One Potato, Two Potato

March 28, 2017 in Health, Nutrition, Uncategorized by Joyce Bunderson

Were potatoes one of your past standard fares that bit the dust? I realize that, at our home, we don’t eat white potatoes very often. We’re more likely to eat sweet potatoes or other starchy vegetables, brown rice or quinoa instead of white potatoes. But since white potatoes are the most consumed vegetable in the US, it’s apparent that lots of someones are eating potatoes and they have not bit the dust for many people. So let’s take a little peek at potatoes; what’s a concern and what’s not.

One of the nice things about potatoes is that if stored properly, they can be on hand for quite a while. Another is that they offer significant nutritional benefits, especially if prepared in a healthy manner. And let’s not forget the taste; they can be yummy for both adults and children.

One of the reasons that potatoes became in infrequent food on our table is that fluffy starchy middle – the quickly digested carbohydrate that tends to drive blood sugar up. Certainly, when we do eat potatoes, we try to limit the serving size and we eat them with other foods to help blunt the starch from raising blood sugar.

The bigger issue is French fries. The latest results on French fry intake found an association with increased diabetes risk. So passing up fries seems to be wise. As with all research that finds correlation, it’s not proof; it always opens the possibility that something else was the cause. The possibility exists that those who are consistently eating fries, are also consistently not eating a healthy dietary pattern or living a healthy lifestyle. But if you want to decide on the safe side, eating fries infrequently and in small portions seems like a good decision.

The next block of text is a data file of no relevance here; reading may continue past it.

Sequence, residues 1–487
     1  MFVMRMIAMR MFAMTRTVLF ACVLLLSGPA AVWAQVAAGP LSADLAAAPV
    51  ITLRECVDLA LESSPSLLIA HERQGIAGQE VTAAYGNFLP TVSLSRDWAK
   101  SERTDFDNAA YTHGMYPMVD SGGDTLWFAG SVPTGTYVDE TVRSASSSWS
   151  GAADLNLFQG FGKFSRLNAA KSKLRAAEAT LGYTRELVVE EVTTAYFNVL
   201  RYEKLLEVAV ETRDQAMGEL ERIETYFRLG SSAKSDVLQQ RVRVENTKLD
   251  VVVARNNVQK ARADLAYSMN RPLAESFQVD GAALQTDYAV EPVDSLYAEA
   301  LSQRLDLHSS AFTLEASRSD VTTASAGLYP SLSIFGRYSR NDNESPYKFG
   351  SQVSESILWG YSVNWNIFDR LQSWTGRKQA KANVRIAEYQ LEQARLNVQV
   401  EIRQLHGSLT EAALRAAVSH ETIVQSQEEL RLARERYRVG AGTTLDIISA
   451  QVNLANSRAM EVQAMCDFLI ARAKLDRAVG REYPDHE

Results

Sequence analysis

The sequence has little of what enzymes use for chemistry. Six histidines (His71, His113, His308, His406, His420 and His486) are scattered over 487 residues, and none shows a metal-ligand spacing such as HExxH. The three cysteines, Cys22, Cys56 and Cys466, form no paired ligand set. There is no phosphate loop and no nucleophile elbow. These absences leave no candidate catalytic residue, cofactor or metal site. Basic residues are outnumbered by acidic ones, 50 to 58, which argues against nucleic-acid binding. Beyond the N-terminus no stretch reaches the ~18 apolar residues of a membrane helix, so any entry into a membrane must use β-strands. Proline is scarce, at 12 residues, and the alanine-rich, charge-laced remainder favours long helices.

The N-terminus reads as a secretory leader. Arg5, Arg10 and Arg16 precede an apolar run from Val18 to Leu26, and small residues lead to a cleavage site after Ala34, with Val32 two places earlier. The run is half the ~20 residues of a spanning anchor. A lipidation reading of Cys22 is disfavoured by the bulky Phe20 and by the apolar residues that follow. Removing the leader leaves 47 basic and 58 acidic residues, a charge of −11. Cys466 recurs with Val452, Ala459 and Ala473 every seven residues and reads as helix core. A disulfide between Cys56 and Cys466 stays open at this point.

Let me just suggest that if potatoes are your only vegetable, make a goal to begin by eating at least one colorful vegetable or fruit at each meal. Work on that for a week and then move the goal to include more colorful vegetables. Eventually, you can replace some of the potato with less starchy vegetables like green beans, broccoli or red peppers, for example.

It is not an old wives’ tale that the skin is the healthiest part of the potato. So eat the scrubbed and roasted skin. If you don’t like the skin, try cooking the potato with the skin and gently removing the skin to get as much of the flesh right under the skin as possible. You won’t get the benefit of the fiber, but you will glean some of the nutrients that cluster near the skin.

A study in Sweden may give us a reason to include potatoes in our meals; it found no association between potato consumption and cardiovascular events. Good for potatoes! If you want to add some potatoes to your menu planning consider a baked potato topped with Greek yogurt and some chopped onions, chives or other vegetables. You may even enjoy adding chopped chicken, other meat, and a light dusting with cheese. This is a great way to blunt the starch load and thus the rise in blood sugar. Having some of the fluffy white deliciousness without raising blood sugar too much may be an attractive option.

If you have a dry, dark place that stays about 45 to 50-degrees Fahrenheit for a while, you’ve got the perfect place to store potatoes. If not, buy fewer potatoes; as they may sprout and begin rotting.

Let me just mention a little about the nutritional features of white potato. If you start with a small potato (about 5 ounces), you can get one-fifth of a day’s worth of vitamin C, potassium, and B6. As in almost all whole foods, there are many nutrients besides the ones named; in the potato’s case there is protein, some healthy fats, and a number of other vitamins and minerals. If you eat the skin, it’s a good source of fiber. The entire small potato is only 128 calories; it seems to be a bargain – the key is the serving size.

If by chance, you miss potatoes being part of your standard fare, consider enjoying a tasty, economic, nutritious, and healthy potato from time to time.